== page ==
Tuesday 29 September 2015

Farewell to the Barons

 Over the summer, to celebrate the 800th anniversary of the Magna Carta, (a copy of which is in Lincoln Castle), 25 Barons invaded Lincoln.  Hull had toads, Bristol had Shaun the Sheep and Lincoln had Barons!  They were to represent the 25 Barons who forced King John to sign the Magna Carta and each was decorated.  They were then placed around the main shopping area of Lincoln and you could join the Trail and find them all.
 A leaflet was produced, explaining about the original Baron, the painted version, the sponsor and the artist.  They were very popular and it was rare to see one without people posing beside him.  They were yarnbombed and were also the subject of a petition to keep them after the event.  However, they were always designed to be a temporary feature, then they would be auctioned to raise money for The Trussell Trust.
They were gathered up and taken to Lincoln Castle where they could be seen before the auction (which is on 1st October).  So, I headed up to the Castle yesterday on a gloriously sunny morning to take some photos.
 The Castle has ancient parts to it, such as the tower and walls and then Georgian and Victorian additions.  It was a prison and is now the Court.  The Court building is the one in the background, covered in a creeper.
 This Roman soldier Baron was one of my favourites.
 The Steampunk Baron stood outside the Assembly Rooms which is one of the hosts for the annual Steampunk Festival.
 The themes for the Barons were many and various: Lincolnshire flora and fauna; the Red Arrows; teachers; Lincoln Cathedral; truck driving; Mayor of Lincoln; Freeman of Lincoln; Steam trains; Bee keeping; young people; waterways; shopping.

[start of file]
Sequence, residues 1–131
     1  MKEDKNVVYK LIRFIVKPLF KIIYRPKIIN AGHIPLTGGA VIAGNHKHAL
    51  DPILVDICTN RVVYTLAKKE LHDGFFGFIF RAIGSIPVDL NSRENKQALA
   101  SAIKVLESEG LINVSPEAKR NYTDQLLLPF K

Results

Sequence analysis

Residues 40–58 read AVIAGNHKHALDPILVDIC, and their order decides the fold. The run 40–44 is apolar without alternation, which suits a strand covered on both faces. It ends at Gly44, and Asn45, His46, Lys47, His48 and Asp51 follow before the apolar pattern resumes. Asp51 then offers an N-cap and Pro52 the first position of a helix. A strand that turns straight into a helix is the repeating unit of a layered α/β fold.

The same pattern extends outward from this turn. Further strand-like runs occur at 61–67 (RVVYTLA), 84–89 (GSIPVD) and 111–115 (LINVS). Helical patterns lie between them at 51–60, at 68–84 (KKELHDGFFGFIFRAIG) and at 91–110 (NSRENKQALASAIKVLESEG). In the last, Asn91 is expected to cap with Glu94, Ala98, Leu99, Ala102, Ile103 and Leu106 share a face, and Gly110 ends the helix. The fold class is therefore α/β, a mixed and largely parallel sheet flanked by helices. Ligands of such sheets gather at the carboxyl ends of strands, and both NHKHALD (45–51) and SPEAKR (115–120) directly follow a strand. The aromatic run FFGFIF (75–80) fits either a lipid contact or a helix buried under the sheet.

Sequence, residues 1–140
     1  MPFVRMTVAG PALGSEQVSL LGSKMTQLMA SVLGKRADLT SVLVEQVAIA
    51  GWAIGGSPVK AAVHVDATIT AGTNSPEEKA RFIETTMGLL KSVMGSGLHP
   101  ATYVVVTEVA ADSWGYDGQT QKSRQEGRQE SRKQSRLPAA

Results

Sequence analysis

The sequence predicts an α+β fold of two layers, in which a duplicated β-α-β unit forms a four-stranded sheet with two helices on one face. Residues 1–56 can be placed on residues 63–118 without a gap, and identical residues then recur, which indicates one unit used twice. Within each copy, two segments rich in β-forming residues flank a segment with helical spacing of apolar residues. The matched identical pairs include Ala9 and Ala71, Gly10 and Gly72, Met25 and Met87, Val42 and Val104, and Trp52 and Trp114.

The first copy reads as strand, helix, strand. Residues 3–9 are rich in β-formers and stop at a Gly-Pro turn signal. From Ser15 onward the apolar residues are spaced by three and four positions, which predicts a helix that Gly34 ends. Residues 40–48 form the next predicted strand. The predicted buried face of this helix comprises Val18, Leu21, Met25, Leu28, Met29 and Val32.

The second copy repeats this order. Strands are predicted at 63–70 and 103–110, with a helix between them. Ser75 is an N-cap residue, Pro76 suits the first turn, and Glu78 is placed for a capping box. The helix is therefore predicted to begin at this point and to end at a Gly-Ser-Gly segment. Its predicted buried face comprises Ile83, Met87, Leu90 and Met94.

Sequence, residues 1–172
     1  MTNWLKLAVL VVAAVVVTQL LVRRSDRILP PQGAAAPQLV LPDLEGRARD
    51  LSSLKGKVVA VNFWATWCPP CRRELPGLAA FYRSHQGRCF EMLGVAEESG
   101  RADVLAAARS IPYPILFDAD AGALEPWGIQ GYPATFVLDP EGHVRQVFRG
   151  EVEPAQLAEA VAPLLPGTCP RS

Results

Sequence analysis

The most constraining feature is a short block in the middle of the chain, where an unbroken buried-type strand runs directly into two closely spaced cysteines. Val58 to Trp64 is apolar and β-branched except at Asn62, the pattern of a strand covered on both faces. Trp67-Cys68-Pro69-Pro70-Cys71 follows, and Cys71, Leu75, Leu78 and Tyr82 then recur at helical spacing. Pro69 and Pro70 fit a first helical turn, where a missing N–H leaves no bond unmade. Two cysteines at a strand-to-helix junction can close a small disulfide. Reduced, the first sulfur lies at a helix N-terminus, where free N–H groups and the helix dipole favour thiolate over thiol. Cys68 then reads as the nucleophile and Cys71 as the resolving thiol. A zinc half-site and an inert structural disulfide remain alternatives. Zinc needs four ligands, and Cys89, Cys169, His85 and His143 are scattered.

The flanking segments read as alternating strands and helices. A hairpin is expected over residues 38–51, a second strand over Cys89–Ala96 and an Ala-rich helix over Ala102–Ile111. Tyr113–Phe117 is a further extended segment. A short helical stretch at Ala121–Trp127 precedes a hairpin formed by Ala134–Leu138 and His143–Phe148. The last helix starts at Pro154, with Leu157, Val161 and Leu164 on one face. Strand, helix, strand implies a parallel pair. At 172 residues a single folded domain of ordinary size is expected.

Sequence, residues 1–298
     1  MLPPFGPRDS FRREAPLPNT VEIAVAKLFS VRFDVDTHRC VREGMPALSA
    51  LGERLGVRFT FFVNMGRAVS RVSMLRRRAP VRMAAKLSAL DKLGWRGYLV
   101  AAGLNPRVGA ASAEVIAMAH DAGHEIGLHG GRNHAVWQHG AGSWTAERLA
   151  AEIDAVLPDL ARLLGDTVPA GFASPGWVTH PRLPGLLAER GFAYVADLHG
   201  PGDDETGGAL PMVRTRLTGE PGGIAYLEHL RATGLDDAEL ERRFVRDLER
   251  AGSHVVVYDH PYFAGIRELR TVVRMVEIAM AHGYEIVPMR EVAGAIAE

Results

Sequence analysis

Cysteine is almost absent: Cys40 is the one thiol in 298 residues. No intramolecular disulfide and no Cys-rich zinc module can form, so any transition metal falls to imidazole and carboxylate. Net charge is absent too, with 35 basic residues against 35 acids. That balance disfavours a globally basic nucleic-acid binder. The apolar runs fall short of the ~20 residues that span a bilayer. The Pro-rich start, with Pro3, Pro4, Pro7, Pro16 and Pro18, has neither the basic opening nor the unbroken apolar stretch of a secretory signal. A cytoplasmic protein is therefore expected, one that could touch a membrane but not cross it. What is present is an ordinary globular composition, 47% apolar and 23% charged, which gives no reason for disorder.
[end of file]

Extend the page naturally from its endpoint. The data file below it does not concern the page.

I also liked this Baron with the Lincoln landmarks.

Chris and I didn't go on the trail, but  managed to see a lot of the Barons on the way to and from work and  on various shopping expeditions around the city.

A last view of the Barons.  I hope they will raise lots of money at the auction.  They have certainly brought some colour to a rather dull summer.

Sunday 20 September 2015

The gradual descent into Autumn

Having a garden does make you aware of the changes of the seasons.  Looking round, you can tell that it is Autumn (even if the calendar says it is 23rd September officially).   The signs are already there - japanese anemones (above is Lady Maria), asters, grasses, fruits and berries.
 One of my novae-angliae asters (Mrs S.T Wright, I think) in a pretty shade of lilac.
 Aster Little Carlow is also flowering away and attracting lots of bees,
 Just in case it is all rather pastel coloured, here's a shot of colour in the form of Crocosmia Emily Mackenzie (my absolute favourite Crocosmia...so far).
 Elegant grasses like this Miscanthus - soft and very tactile.  Behind, you can see the feathery foliage of Cosmos (which is so late to flower this year and hasn't been very promising throughout the summer.  I tried some different varieties this year, but it will be back to tried and tested Cosmos Sonata Dwarf next year).
 Another japanese anemone (Bowles' Pink).
 I love this combination of the Crocosmia and Geranium Rozanne (two of my favourites looking amazing together).
 Another aster, September Ruby, with a happy bee in the centre.
 Here is a close up of the bee.
There are still some reminders of summer, for those of us who don't want it to leave.  Here is Rose Frilly Cuff  in its second flowering and doing well.
This is Rose Comte de Chambord, one of the parents of Rose Gertrude Jekyll, with the recognisable strong fragrance.  One of my new roses this year, I bought it in June, really past the bare root plant season, as a bare root.  It arrived looking very much worse for wear,  pale, limp and not at all happy. I popped it into a pot, not really expecting much from it at all.  In fact, if it survived, I would be surprised. However, as the summer progressed, it started to improve, put out new leaves and look much stronger and healthier.  Then it decided to flower and I was delighted.  The flowers are beautiful and have a lovely scent, as I mentioned.